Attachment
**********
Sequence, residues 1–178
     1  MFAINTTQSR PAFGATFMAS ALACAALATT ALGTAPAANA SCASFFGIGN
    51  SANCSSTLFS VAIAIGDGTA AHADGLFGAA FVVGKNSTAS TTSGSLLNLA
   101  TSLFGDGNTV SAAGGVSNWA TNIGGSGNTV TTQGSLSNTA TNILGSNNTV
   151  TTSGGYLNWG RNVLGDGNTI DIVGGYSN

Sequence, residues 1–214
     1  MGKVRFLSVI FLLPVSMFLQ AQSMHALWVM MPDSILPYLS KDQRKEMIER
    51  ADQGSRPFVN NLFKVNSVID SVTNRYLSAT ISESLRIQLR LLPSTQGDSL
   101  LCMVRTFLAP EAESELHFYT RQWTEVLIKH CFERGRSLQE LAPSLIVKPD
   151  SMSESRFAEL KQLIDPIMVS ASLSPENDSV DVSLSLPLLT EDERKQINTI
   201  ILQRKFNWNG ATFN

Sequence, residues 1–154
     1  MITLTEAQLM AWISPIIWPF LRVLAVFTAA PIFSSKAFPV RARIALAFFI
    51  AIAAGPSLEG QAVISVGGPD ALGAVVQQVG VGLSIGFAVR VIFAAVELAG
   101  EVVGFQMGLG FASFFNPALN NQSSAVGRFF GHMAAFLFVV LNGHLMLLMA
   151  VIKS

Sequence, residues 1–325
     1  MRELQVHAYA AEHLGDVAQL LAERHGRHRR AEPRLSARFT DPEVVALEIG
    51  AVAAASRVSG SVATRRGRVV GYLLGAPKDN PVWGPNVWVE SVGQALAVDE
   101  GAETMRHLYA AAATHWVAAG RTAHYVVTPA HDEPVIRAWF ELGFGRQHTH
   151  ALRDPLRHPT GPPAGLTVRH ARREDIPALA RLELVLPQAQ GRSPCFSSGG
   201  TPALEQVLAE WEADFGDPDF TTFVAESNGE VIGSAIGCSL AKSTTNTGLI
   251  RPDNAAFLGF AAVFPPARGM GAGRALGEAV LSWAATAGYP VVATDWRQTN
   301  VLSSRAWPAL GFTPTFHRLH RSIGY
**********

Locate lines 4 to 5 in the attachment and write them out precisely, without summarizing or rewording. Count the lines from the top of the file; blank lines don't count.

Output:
   101  TSLFGDGNTV SAAGGVSNWA TNIGGSGNTV TTQGSLSNTA TNILGSNNTV
   151  TTSGGYLNWG RNVLGDGNTI DIVGGYSN